There’s a black fly in my chardonnay. The incessant drip drip drip of existence has rendered this sad sack of pickled bones a right mess indeed lately, trickling loss upon loss to the point of caricatured humility. Why do I look like my dog just died? Because my dog just died. Thanks.
Meanwhile, Tony’s on the horn shedding audible mixed-media tears around the fact that friend-of-Liza Robert Rauschenberg has kicked the soup can to join Andy Warhol in the afterlife’s never-ending “wow.” “I never understand why people cry when famous people die,” he sniffs. “But I’m crying and I thought you should know.”
“Whimsy,” I snap a unicorn out of my internal dreamcatcher. “It is no more.”
But is irony dead, too? Not if I can help it. Tonight marks a dramatic shift in all things understood about art and its discerning patrons. In the place of track lighting and mood music is a hairy beer gut and the peculiar stench of literally every man. Yes, it is an art show, Liza, but it’s art on cocktail napkins and it’s littering Wally’s. It’s a death-row pardon 10 minutes too late.
“I need napkin jokes,” I stiff-lip into Tony’s phone ear. “Think sanitary napkins, stained and spread across the face of a weeping global morality. Or, better, lipsticked-napkin phone numbers used to wipe your ass when the toilet paper has mysteriously not replenished itself.”
“Why, you could simply clean up with those jokes,” Tony hazards a weak wink.
“There must be a Bounty of them!” I go on. “See what I did there? It’s a paper-towel joke, because some people – like myself – do not distinguish between the two in their workaday utility. Genius!”
Billed “the art experience of the year,” the Stories From the Cocktail Napkin exhibit opening holds all of the promise of a disposable diaper, and ought be just the nut-sack foray our collective wounds are heaving for. But, alas, nothing is as it seems. See, the whole thing was a crazy idea based on a misunderstanding that includes even more tragedy.
Local artist Liz Watkins sent out an e-mail some time ago inviting her address book to happy hour at Wally’s, as gals are often wont to do. Another artist gal, Sharon Pollard, showed up and asked, “Where’s the art show?” Finding that there wasn’t any art at Wally’s – save the naked-lady wallpaper, natch – she left. Well, that gave Liz the idea to actually throw an art show at the old watering hole, et voilà! Except the day she figured it all out, she found out that Sharon was dying of ovarian cancer. A little “show must go on” and “we’ll do it for charity” followed, all leading up to this very moment: Tony, myself, about 100 other people and a bunch of rather serious-looking pieces of napkin art (hung with clothes hangers on winding twine) all crammed into the package-store front of Wally’s. Erm.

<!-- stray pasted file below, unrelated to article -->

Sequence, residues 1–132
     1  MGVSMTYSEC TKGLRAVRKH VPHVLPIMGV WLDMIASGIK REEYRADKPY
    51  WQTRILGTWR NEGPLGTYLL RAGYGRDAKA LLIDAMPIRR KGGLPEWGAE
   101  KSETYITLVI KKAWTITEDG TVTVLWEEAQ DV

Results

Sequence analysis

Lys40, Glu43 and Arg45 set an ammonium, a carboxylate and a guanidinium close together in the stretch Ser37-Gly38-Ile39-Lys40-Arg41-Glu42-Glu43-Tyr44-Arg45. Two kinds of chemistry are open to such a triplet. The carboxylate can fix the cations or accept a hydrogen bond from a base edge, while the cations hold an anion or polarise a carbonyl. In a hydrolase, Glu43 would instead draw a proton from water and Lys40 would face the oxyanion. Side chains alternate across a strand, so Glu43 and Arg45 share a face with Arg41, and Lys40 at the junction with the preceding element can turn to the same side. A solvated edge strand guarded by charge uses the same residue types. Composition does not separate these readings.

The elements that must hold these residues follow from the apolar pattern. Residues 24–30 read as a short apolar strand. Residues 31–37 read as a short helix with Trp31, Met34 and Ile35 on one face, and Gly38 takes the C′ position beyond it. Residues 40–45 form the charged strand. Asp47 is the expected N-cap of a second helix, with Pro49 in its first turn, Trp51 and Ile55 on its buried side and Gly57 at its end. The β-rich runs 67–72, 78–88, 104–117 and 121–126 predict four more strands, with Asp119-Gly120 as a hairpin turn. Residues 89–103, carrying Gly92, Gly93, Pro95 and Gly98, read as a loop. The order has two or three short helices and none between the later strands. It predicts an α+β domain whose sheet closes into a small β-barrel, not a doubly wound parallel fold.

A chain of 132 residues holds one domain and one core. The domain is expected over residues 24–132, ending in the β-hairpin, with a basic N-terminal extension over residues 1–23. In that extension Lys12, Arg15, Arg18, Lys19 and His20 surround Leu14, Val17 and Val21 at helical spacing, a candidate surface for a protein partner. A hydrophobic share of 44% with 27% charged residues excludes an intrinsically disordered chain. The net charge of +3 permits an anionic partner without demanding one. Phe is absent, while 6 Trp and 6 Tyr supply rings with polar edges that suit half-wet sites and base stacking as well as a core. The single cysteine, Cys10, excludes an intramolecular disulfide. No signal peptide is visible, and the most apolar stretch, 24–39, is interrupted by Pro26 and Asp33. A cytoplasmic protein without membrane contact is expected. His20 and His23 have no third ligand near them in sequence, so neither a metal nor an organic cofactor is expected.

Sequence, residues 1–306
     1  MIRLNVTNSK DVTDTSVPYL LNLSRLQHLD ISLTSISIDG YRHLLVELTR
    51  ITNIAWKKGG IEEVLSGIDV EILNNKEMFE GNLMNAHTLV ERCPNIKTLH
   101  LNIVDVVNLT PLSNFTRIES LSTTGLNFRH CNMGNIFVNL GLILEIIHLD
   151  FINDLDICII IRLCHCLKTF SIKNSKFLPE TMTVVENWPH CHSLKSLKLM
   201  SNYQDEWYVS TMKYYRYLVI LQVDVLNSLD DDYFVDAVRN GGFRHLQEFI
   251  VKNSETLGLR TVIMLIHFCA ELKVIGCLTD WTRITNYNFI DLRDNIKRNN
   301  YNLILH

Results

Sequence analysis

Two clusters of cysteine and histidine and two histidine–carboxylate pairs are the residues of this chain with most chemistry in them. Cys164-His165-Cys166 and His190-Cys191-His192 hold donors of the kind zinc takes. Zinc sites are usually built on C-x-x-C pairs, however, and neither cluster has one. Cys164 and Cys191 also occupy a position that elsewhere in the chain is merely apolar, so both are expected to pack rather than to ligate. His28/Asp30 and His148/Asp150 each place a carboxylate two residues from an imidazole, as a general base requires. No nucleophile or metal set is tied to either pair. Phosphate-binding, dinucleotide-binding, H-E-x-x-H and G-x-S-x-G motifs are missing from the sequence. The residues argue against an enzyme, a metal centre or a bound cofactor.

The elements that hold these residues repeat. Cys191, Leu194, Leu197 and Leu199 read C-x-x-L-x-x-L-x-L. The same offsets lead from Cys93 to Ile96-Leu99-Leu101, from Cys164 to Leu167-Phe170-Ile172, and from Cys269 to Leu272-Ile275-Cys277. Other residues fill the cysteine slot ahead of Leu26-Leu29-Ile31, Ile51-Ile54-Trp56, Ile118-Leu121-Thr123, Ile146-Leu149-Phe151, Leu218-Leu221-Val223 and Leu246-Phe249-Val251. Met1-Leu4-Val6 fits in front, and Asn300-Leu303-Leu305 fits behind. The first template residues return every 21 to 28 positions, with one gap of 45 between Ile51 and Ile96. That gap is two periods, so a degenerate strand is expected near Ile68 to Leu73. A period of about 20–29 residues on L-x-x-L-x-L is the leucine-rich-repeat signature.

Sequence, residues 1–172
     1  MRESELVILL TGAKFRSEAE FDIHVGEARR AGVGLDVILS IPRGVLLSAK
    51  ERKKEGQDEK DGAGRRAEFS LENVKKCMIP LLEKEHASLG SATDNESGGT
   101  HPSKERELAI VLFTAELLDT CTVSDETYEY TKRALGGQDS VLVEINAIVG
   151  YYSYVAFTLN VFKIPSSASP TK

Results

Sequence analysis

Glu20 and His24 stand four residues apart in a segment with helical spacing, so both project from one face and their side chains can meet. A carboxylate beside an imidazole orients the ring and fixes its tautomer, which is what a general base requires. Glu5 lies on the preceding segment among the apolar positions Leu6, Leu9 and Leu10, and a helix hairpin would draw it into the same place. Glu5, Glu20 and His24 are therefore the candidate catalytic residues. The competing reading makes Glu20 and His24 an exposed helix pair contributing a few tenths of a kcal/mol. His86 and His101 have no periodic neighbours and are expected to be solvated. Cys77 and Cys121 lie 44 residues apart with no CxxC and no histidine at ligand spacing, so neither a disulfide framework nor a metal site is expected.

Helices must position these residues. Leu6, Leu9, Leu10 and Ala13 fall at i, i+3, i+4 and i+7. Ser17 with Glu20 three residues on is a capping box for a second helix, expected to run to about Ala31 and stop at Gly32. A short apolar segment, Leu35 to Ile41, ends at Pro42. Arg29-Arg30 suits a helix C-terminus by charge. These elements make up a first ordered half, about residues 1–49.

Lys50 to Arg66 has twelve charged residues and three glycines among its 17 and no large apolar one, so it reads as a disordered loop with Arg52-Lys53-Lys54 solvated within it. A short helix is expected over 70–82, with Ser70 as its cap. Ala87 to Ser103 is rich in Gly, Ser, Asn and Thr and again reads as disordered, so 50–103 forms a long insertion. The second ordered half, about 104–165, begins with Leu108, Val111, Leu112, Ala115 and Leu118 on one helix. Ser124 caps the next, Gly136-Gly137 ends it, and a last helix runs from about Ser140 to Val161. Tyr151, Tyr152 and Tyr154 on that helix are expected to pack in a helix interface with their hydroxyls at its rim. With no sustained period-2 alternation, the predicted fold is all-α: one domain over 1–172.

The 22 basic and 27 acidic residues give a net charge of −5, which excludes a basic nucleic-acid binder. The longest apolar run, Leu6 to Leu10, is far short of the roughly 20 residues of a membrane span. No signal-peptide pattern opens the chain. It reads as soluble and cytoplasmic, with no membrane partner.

“How do we make this funny?” I fidget.
“We don’t,” Tony fidgets back. “We let somebody else do it.”
“Well, that there looks like former mayoral candidate Billy Manes,” our salvation creeps in from armpit left. “You’re also the editor of the Weekly, right?”
Right. Mister Perfect is a longtime local defense lawyer and one-time circuit judge candidate named Mark Bender, and when he’s not expounding on the effects of text-speak on the English lexicon in the first few seconds of our acquaintance, he’s rattling on about something involving softball.
“It’s Bender-ball time!” he spurts on about a questionable catchphrase he acquired at some point during his tenure atop a sport symptomatic of lesbianism. And that’s all it takes for Tony and me to fall under his post-fratboy spell.
“Bender?” I flip through my cranial Rolodex. “You are a direct descendent of The Breakfast Club! Your father bought you cigarettes for Christmas!”
“What’s your favorite movie?” he plays along.
“Well, if I’m serious, it’s Magnolia,” I snort coke off an Aimee Mann CD, “but ultimately, it’s St. Elmo’s Fire, which is obviously the Magna Carta of youth’s demise. AND! It’s yet another Judd Nelson vehicle!”
“I was just watching St. Elmo’s Fire the other night,” he officially owns me, “and I was thinking that they were all trying to act so old.”
“I never thought I’d feel so old at 22,” I Demi Moore against a backdrop of a pink wall, a giant clown and Rob Lowe with an inflammatory can of spray paint. “Do you want to fuck me? Because I think you want to fuck me.”
“No,” he doesn’t, but he does acknowledge that he’s well-prepared to meet the ridiculous requirements of my fairly abrasive pop-cultural attacks. “I like to shoot from the hip.”
“From the Hip!” I overdose. “Judd Nelson again! This time he’s a lawyer! Like you!” Ugh.
Our ongoing cocktail-and-napkin story goes on in such a manner for about 10 minutes too long. After Bender’s wife appears – herself a bawdy piece of social perfection – the prattle drifts into gay marriage and the threat of foreign languages to American science, or something. Bender falls into a Republican stupor and traipses off to a corner to eat peanuts from a paper plate, while Tony and I cast unnecessary glances of victory across the smoky haze. Whimsy, if only for a moment, has just returned. But where’s the irony?
“Irony is falling in love at Will’s,” explains a heretofore unseen piece of art hanging in the back of the room, “and picking up child support at Wally’s.”
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